This was another restaurant on the Michelin’s guide that we visited in Korea. It was awarded “Bib Gourmand”, which means the restaurant provides good value cooking as well as great quality. So, contrary to what I thought about Michelin’s guide, it’s not always about fancy, break-your-bank dining. It can be a pretty reliable reference for an average Jane like me with a limited budget.
We actually stumbled upon Gaeseong Traditional Dumplings House while wandering around the alleyways of Insa-dong.
Gaeseong’s menu has English translation under the Hangul for everything listed, which made me feel more competent than when I get handed the ‘foreigner’s menu’ 😅. In the menu, they have one helpful page detailing how they make their food and how to enjoy their dumplings and their watery kimchi.
Alright, on to the juicy details about the actual food. I ordered the Choraengi rice cake soup with dumplings, and B got the Gaeseong dumplings boiled in beef stock.
Here’s a close up of the watery kimchi. We have gotten used to side dishes like kimchi and pickled radish, but it was the first time for us with the watery kimchi. We had our eyes glued to the other tables nearby on how they would eat the watery kimchi. That was until we found the page of how to eat everything.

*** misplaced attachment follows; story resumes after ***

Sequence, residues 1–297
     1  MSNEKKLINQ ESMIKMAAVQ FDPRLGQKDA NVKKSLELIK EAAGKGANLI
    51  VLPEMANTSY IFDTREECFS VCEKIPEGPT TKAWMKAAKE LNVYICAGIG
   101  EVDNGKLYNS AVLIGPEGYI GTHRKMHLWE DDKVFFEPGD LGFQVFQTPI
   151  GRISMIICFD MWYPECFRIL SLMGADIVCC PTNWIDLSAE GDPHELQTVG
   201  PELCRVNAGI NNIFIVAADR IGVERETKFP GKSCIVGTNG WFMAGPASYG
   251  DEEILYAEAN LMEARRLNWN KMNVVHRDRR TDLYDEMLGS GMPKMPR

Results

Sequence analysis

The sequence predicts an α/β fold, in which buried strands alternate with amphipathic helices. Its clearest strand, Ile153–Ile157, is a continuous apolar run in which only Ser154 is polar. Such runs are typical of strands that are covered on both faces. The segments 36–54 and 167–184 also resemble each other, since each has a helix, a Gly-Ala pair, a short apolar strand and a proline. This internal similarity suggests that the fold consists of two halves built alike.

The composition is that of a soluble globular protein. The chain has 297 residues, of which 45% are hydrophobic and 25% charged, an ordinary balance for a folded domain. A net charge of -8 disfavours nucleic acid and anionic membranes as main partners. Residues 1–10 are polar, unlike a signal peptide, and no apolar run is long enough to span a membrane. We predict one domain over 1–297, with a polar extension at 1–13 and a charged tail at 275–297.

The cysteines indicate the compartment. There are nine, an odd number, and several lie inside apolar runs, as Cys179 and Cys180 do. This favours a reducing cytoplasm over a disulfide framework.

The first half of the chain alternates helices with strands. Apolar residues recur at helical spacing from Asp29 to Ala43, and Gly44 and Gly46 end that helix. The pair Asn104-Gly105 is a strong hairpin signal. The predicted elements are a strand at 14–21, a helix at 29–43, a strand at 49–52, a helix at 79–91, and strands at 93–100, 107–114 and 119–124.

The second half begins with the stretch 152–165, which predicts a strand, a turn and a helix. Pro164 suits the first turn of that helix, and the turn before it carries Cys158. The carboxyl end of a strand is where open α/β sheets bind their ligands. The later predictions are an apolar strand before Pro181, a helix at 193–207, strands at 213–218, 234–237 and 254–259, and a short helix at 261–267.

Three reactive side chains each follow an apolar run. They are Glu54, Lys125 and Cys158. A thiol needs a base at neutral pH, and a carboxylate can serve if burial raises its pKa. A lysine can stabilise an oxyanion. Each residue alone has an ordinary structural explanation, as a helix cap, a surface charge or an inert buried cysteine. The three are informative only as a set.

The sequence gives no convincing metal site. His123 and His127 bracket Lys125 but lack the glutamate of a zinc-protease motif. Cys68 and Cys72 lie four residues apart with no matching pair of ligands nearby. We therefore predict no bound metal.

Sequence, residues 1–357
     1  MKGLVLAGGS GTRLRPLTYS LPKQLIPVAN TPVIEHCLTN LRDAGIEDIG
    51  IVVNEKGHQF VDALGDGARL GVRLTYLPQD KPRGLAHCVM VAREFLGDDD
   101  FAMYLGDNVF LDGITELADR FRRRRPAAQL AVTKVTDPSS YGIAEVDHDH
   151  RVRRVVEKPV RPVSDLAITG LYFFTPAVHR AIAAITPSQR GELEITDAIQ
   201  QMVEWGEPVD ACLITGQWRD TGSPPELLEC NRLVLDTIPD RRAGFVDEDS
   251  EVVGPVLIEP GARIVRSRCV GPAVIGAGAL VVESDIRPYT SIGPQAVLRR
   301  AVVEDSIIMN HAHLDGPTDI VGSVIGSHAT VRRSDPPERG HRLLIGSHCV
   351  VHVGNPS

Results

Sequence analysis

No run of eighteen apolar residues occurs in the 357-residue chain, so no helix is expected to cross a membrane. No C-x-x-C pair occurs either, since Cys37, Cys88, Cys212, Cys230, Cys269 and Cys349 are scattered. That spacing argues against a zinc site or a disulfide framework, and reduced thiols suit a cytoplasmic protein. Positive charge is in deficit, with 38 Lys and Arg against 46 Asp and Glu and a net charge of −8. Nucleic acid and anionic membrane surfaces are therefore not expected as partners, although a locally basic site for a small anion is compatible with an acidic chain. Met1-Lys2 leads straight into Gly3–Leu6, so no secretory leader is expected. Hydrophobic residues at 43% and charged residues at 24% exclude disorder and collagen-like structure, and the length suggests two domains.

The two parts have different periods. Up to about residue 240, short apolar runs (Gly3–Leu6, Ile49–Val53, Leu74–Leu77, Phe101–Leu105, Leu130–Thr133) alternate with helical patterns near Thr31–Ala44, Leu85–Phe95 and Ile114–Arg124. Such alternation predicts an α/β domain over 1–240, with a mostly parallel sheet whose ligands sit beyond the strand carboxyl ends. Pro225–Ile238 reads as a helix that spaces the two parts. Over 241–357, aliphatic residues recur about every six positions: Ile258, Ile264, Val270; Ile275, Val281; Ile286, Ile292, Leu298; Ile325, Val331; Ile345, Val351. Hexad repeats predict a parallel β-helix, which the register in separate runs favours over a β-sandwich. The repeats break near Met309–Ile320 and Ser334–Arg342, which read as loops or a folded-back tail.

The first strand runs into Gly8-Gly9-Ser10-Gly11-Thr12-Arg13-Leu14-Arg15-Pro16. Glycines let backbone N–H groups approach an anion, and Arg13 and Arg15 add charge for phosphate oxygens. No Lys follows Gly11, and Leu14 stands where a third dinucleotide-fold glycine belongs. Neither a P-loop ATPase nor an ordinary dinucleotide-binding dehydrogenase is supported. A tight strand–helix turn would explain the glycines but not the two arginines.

They give you a bowl to scoop it out. There are square slices of radish, carrot, cabbage, and I think the green cylinder is minari? It has a light flavour, slightly sour and faintly sweet, not salty at all. Definitely quite cool and refreshing in summer. So, according to their tip on the menu, you’re supposed to have a spoonful of this after eating the dumpling to help cleanse your palate and to help with digestion.
Here comes my Choraengi rice cake soup, decorated with some dried seaweed and sliced green onions. The beef broth was very tasty, you can tell they used lots of fresh vegetables in the process of boiling. The little handmade spheres of rice cakes were perfectly chewy.
The dumplings were huge, stuffed with pork, leek, bean sprouts, tofu, and napa cabbage. I think these dumplings were subtly seasoned. It’s like they were not made with the intention to blow your taste buds away, but to impress you with the beautiful blend of hearty gentle flavours of all the ingredients and texture. I found them very delicious and reminded me of good old homemade dumplings. The four of them with the round rice cakes were more than enough to fill me up.
B’s Gaeseong dumplings came with a small bowl of warm soup on the side, also very umami. In hindsight, I kind of wish one of us had ordered the kimchi dumpling or mushroom dumpling to try the other flavours as well.
Gaeseong Traditional Dumpling House
11-3 Insadong 10-gil, Jongno-gu, Seoul
Gaeseong dumplings – 11,000 kwon